Home Unfiltered Articles Players Baseball Prospectus
Basketball Prospectus home
Click here to log in Click here for forgotten password Click here to subscribe

Click here for Important Basketball Prospectus Premium Information!

<< Previous Article
Tournament Preview (03/16)
Next Article >>
Then There Were Three (03/17)

March 17, 2011
Putbacks for Profit
A Winning Playoff Strategy?

by Dan Feldman

Printer-
friendly
Contact
Author

Which teams' offenses are best equipped to handle the playoffs, when pace and effective field-goal percentage decrease?

It might be the Memphis Grizzlies and Los Angeles Lakers.

Which teams' offenses are least equipped to handle the playoffs?

That might be the Boston Celtics and Miami Heat.

When games slow and defenses tighten, grabbing offensive rebounds and making putbacks would seem to be a logical way to score, anyway. The data--albeit, extremely limited data--supports that theory.

Based on Synergy's information about scoring immediately after offensive rebounds, there was no statistically significant correlation between percentage of misses converted into putbacks and Offensive Rating last regular season.

There was, however, a positive, statistically significant correlation between percentage of misses converted into putbacks and Offensive Rating* in the playoffs.

*Because the quality of the defenses a team faces in the playoffs varies so much, I adjusted Offensive Rating. I determined a team's expected Offensive Rating by averaging its regular-season Offensive Rating with its opponents' regular-season Defensive Rating (weighted by number of games against each opponent). I subtracted the expected Offensive Rating from a team's actual playoff Offensive Rating.

That said, here's a huge caveat--those putback numbers are still from the regular season, because Synergy doesn't provide full data for the playoffs.

Do teams that put back a large portion of their misses in the regular season continue to do so in the playoffs, and vice versa? I don't know.

It's important to note the importance of using putback data rather than relying on offensive-rebounding numbers to draw a similar conclusion. When a team grabs an offensive rebound and doesn't immediately shoot again, it faces a similar defensive challenge as it did for its first shot.

Like I wrote above, logically, putbacks would increase in value when scoring in other ways becomes more difficult. As an expanded focus in advanced stats makes more numbers available in the mainstream, we'll learn whether the results match the logic. For now, consider this nothing more than a working theory.

If accurate, let's look at what the theory indicates about this year's playoffs.

Teams in the upper two quadrants have above-average Offensive Ratings, and teams in the lower two quadrants have below-average Offensive Ratings. Teams in the right two quadrants convert an above average number of their misses into putbacks (indicating increased offensive success in the playoffs), and teams in the left two quadrants convert a below average number of their misses into putbacks (indicating decreased offensive success in the playoffs).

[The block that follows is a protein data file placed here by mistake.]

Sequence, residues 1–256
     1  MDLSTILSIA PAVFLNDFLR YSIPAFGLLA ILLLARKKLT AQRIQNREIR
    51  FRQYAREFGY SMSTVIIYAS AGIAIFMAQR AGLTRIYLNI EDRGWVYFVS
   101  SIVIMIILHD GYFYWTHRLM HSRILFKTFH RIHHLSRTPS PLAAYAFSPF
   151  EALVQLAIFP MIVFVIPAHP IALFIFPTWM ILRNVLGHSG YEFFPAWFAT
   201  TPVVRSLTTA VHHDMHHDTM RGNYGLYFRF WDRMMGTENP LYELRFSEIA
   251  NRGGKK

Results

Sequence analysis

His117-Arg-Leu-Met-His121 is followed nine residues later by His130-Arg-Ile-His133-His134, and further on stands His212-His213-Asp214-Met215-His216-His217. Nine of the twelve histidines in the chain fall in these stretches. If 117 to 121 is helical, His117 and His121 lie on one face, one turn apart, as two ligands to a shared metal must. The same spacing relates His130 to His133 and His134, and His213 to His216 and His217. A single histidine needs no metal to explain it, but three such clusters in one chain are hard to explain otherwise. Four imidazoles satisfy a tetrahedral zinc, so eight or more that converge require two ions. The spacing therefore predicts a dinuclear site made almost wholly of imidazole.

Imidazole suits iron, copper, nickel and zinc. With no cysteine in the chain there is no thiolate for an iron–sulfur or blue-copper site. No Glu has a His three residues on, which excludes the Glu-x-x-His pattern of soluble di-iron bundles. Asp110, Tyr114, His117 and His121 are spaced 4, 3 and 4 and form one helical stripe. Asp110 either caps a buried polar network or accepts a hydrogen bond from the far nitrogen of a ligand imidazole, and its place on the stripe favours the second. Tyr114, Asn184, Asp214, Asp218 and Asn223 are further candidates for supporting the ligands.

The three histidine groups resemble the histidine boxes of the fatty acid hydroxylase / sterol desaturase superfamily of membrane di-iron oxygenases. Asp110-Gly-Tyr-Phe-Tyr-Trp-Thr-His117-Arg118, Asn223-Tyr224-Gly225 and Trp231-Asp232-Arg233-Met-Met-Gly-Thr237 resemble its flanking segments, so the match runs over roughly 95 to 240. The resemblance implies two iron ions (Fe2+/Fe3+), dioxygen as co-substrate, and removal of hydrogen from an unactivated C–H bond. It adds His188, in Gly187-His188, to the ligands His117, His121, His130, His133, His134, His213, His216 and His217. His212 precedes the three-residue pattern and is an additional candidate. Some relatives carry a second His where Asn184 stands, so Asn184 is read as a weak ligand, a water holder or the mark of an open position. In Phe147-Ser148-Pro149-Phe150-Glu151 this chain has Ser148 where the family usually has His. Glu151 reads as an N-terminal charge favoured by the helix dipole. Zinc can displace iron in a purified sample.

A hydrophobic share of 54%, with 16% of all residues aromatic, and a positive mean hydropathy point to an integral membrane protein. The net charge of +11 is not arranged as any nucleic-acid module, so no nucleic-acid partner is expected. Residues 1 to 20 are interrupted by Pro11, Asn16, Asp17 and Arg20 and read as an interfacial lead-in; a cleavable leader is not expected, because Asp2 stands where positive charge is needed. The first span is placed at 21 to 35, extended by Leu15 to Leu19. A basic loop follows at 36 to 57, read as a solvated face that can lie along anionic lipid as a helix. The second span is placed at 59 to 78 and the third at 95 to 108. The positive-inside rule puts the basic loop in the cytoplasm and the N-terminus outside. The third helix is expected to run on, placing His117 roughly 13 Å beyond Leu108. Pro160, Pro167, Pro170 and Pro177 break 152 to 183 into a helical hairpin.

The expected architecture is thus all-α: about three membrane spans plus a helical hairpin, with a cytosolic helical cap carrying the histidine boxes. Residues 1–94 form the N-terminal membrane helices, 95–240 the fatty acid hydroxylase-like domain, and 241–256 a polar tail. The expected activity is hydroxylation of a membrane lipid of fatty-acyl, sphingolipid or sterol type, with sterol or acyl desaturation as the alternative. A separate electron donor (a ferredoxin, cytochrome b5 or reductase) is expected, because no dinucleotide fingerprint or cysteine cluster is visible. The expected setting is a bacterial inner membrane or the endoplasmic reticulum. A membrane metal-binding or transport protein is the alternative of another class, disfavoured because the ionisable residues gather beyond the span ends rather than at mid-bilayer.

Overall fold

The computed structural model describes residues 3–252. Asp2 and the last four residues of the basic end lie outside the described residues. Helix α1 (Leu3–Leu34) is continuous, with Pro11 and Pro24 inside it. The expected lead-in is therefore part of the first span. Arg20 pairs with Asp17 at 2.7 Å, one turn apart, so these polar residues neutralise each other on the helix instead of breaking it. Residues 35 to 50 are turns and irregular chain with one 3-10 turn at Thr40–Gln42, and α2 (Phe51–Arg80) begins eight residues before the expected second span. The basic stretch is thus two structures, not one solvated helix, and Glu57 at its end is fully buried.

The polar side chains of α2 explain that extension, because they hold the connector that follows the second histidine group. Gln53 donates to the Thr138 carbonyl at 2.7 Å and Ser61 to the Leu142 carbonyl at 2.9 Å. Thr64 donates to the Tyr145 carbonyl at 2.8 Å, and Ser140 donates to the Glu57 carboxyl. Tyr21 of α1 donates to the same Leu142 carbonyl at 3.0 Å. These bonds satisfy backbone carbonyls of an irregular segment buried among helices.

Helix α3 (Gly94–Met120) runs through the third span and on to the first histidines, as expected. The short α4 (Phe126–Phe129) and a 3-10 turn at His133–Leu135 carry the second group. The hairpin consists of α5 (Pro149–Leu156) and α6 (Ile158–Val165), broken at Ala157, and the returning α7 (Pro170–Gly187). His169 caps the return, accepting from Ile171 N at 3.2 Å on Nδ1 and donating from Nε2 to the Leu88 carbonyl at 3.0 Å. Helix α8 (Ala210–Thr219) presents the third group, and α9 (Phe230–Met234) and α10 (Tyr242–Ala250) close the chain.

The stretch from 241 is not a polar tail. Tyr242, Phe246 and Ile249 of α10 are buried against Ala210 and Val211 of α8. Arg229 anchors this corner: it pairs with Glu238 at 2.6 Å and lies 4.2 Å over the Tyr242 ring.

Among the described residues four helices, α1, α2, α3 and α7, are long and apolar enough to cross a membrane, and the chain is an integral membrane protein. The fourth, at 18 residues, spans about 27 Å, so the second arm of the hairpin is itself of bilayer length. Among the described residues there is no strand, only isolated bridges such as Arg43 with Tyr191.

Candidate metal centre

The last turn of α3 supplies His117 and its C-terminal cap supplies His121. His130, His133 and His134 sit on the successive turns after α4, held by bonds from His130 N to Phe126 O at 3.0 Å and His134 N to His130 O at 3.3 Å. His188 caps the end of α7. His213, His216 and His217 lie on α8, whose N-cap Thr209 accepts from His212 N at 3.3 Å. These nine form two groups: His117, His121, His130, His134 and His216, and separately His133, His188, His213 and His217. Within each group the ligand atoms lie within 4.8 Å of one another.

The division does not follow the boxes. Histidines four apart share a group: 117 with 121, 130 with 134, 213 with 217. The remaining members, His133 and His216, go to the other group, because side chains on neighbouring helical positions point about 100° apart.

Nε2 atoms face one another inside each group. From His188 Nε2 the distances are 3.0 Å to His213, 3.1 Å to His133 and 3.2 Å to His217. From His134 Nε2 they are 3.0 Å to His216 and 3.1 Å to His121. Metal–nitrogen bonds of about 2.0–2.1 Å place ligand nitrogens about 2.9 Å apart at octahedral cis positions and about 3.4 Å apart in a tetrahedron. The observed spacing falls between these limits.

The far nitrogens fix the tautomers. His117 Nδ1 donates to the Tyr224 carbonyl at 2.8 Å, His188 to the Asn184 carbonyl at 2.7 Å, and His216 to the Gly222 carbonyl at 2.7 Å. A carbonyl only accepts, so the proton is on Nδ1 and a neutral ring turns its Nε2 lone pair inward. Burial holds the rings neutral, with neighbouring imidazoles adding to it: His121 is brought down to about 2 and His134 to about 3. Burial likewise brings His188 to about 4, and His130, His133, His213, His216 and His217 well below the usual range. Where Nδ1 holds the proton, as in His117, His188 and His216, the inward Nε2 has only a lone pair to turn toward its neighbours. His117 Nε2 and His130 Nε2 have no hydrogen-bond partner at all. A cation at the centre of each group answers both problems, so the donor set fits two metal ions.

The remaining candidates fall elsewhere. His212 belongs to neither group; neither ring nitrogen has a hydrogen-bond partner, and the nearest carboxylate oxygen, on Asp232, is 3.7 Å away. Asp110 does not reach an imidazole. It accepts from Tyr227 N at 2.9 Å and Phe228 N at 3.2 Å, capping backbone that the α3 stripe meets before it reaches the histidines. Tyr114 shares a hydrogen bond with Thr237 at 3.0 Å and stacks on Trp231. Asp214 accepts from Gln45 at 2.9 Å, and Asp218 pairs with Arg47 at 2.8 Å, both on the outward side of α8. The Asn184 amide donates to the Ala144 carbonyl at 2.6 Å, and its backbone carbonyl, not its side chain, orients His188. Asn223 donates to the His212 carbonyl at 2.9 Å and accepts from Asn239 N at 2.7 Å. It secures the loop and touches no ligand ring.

I included teams that most likely will not make the playoffs, so you can see which teams' offenses might fit best in the playoffs if they improve overall in coming seasons (and keep the same style).

Dan Feldman is an author of Basketball Prospectus. You can contact Dan by clicking here or click here to see Dan's other articles.

0 comments have been left for this article.

<< Previous Article
Tournament Preview (03/16)
Next Article >>
Then There Were Three (03/17)

RECENTLY AT BASKETBALL PROSPECTUS
State of Basketball Prospectus: A Brief Anno...
Tuesday Truths: March-at-Last Edition
Easy Bubble Solver: The Triumphant Return
Premium Article Bubbles of their Own Making: Villanova, Temp...
Tuesday Truths: Crunch Time Edition

MORE FROM MARCH 17, 2011
Tournament Chat: Day One
Chicago Pod, Dispatch #1: How the Sausage is...
Perfecting the Sport: In 12 Easy Steps (2.0)
Premium Article Around the Rim: Faried the New Rodman?
Then There Were Three: The Pac-10

MORE BY DAN FELDMAN
2011-04-05 - Premium Article The Clipboard: Why Can't DeRozan Make Threes...
2011-04-01 - Shot Selection: Bulls Understand Value of Th...
2011-03-25 - Premium Article Individual Pace: Who Speeds Up and Who Slows...
2011-03-17 - Premium Article Putbacks for Profit: A Winning Playoff Strat...
2011-03-11 - Premium Article Rebounding in Context: Accounting for Teamma...
2011-03-04 - Dynamic Duos: Can Anthony and Stoudemire Wor...
2011-02-24 - Timeline: Their Last Trade
More...


Basketball Prospectus Home  |  Terms of Service  |  Privacy Policy  |  Contact Us
Copyright © 1996-2014 Prospectus Entertainment Ventures, LLC.